Monday, April 23, 2007

Historia de la Musica Tad, vol. III

“Being a part of the TAD experience is like waking up in the middle of a train wreck, or like turning over to slap the button on your snooze bar and realizing you have no arms. Look around you; nothing but ashes and molten slag; you’re in the hypercenter of something big. Something that thinks, moves, and destroys.” --Sub Pop

Even though we’ve already written two chapters in what will surely be the definitive history of TAD, we’re only now getting to TAD’s first full-length, God’s Balls, which Sub Pop released on vinyl all the way back in 1989. I would love to write that this fantastic record completely changed the landscape of music, relegating the glitzy pop of New Kids on the Block and glitzy metal of Motley Crue to the rubbish heap of history, but history didn’t cooperate. Sure, a different Seattle band tried to achieve that goal two years later, but it’s hard not be cynical about the reversion of popular music back to pap and crap. Somehow, Justin Timberlake duped the so-called “alternative” press into thinking that he and his team of A-list producers and songwriters make respectable music, and the emo bands have more in common with hair metal than they do with the Dictators or the Dead Kennedys even the Ramones. Loser, indeed.

But hey, we’re preaching to the choir here, babe. So back to TAD.

By this point, Tad Doyle had built a proper band around himself with Kurt Danielson on bass, Gary Thorstensen on guitar, and Steve Wied on drums. (The one exception was “Tuna Car,” a slightly older track on which Doyle played all of the instruments.) It also bears all of the classic Sub Pop hallmarks from the time: Jack Endino recorded it, Charles Peterson shot the cover photos, and not very many copies were pressed (2500, from what I can tell). Although the small pressing may suggest to some that Sub Pop aimed to bestow immediate collector status on the record, in truth, Sub Pop was a young label at the time, and 2500 copies seems to have been a reasonably sized pressing. All copies of the original LP were on vinyl; Glitterhouse apparently released a CD version of the record for the European market, but I’ve never seen a copy.

Sub Pop’s later released most of God’s Balls on a Salt Lick/God’s Balls combo CD, but they shaved three songs (“Tuna Car,” “Hollow Man,” and the extraordinary “Nipple Belt”) from the original record to make it all fit; those three songs are available here, you lucky, lucky people. I pulled the other two songs from the CD, so you may notice a difference in sound quality.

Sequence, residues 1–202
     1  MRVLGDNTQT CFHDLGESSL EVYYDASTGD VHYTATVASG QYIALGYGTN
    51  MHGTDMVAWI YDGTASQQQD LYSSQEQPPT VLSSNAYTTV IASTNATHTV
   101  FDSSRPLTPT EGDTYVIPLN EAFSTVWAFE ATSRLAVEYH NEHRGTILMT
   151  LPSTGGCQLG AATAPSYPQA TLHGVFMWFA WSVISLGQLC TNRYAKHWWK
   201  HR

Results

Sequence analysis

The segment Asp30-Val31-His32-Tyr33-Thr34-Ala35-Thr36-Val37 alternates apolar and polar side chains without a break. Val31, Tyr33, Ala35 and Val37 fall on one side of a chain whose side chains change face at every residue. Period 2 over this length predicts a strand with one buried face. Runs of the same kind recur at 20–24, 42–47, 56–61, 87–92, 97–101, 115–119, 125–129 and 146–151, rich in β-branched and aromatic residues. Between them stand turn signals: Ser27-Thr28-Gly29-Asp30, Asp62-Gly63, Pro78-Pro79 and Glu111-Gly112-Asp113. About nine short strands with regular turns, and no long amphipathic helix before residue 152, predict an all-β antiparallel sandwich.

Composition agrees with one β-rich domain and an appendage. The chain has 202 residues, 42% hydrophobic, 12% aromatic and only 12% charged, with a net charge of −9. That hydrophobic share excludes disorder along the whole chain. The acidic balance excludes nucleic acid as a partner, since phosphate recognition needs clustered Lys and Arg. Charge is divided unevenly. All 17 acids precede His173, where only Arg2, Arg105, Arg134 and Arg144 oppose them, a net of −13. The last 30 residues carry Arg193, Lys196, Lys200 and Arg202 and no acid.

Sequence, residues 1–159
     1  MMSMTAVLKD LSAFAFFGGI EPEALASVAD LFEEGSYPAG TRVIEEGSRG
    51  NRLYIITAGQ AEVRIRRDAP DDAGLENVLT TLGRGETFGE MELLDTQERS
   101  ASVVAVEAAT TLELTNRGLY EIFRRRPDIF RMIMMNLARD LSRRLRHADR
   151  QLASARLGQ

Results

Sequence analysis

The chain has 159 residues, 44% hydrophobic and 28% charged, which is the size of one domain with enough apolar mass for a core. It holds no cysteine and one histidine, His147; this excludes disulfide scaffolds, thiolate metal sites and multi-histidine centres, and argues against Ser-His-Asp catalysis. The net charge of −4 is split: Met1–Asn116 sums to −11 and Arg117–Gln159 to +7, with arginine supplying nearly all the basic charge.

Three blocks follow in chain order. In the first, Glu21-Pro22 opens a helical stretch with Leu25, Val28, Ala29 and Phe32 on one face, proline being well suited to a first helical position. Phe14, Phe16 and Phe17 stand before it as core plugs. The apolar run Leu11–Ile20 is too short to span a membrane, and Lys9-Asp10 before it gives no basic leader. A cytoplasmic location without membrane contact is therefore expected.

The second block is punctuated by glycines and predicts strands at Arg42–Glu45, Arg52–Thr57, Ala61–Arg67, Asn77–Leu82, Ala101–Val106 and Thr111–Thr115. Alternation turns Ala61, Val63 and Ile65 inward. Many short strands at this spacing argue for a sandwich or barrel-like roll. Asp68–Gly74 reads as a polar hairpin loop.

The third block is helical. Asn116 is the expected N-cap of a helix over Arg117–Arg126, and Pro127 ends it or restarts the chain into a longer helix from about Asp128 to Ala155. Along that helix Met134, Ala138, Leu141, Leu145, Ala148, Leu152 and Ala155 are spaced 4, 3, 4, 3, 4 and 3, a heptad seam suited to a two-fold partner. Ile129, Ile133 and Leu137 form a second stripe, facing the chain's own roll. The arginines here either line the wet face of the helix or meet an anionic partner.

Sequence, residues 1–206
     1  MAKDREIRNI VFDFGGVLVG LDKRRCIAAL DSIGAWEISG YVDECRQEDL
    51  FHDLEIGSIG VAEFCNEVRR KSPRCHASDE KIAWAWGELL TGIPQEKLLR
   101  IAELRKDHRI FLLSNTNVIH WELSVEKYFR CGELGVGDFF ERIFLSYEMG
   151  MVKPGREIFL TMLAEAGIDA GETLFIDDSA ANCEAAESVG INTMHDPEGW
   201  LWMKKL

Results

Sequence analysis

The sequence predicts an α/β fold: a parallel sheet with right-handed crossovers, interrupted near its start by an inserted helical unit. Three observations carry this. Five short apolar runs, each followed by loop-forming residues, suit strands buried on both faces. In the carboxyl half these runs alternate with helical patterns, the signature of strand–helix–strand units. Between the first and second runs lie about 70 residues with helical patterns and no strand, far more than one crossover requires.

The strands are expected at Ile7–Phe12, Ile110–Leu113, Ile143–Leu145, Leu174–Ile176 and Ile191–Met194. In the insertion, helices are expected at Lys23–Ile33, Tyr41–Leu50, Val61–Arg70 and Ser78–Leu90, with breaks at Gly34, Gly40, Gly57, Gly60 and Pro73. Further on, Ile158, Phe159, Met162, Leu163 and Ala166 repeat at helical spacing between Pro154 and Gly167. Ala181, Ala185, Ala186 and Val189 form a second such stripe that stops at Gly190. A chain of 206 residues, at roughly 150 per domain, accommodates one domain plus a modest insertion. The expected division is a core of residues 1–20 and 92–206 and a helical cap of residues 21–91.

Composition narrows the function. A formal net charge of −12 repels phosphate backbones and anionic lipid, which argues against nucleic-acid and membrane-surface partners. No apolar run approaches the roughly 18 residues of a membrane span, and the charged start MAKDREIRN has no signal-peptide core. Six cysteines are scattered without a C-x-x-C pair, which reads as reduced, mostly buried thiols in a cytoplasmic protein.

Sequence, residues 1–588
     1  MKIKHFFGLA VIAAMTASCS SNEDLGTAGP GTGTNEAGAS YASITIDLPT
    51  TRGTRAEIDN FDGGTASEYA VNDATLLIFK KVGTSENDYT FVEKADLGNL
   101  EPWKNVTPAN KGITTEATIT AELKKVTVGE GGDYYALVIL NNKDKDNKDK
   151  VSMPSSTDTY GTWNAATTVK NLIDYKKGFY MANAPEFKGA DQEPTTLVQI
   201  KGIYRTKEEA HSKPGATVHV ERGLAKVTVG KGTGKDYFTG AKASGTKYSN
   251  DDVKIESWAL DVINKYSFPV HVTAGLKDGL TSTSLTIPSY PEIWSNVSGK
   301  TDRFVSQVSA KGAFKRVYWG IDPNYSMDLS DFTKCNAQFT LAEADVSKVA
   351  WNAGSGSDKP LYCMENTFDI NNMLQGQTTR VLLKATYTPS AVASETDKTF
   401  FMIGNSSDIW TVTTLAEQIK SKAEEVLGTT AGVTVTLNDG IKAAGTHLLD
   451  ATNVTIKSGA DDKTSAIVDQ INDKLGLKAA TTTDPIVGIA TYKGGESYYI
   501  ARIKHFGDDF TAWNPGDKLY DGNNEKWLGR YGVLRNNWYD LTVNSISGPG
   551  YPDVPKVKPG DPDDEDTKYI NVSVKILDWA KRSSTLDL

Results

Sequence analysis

Reviews for God’s Balls are proving difficult to come by. Only a pair of people reviewed this record—which I consider a classic—on Amazon, and if anybody has archived old reviews from Backlash or The Rocket (or perhaps The Stranger), then I can’t find them. Sub Pop’s history page reprinted Bruce Pavitt’s original Sub Pop USA columns for the Rocket, and although the May 1988 column had good stuff to say about TAD in general, it predates God’s Balls by quite some time. I would compare God’s Balls to the original, grainy Texas Chainsaw Massacre, if the Texas Chainsaw Massacre had been funnier and more literate.

We were on the fence about whether to post the entire record. Even though God’s Balls long ago fell out of print, Sub Pop has linked to our blog a couple of times, and it seems like it would be in poor taste to give away an entire record that may one day return to print. In the mean time, search around eBay for the entire record if you don’t own it already. But you do own it already, right? Right?!?!

Behemoth
Helot
Tuna Car
Hollow Man
Nipple Belt


And the songs can also be downloaded via .zip file here.

--Wm

Tuesday, April 17, 2007

How to Chat Up Foxy Record Store Clerks By Casually Namedropping the Crows

Besides the great Big Chief diss controversy, the biggest criticism we get here at Lamestain LLC. is that we are out of touch thirtysomethings whose musical tastes haven’t developed past high school age. While all the other bloggers are hyping up Regina Spektor, LCD Soundsystem, or whatever the latest band that gets the Fall/Joy Division/XTC totally wrong, we spend valuable hours talking about the lost 64 Spiders single or wondering whatever happened to the Blood Circus dudes. But the truth is we also like to keep our fingers on the pulse of today’s rock and roll music. While we find most new stuff to be crap, we also like to be able to impress foxy record store clerks with our hip tastes and vast knowledge of yesteryear’s records. For instance, when we buy the recent Pissed Jeans’ single, we might say something like this: “We totally dig how these guys are doing an Amphetamine Reptile records thing for today’s post-emo generation.” Then, usually, the clerks’ ears will perk up and we’ll start naming dropping as many Amphetamine Reptile bands as possible. After that, we’ll tie in everything by saying something like “Hey, I noticed that you are playing Nick Cave’s new Grinderman project, which kind of reminds me of the Crows, who were a great, dead Amphetamine Reptile band.” Then I would start droppin’ some real mad knowledge like this: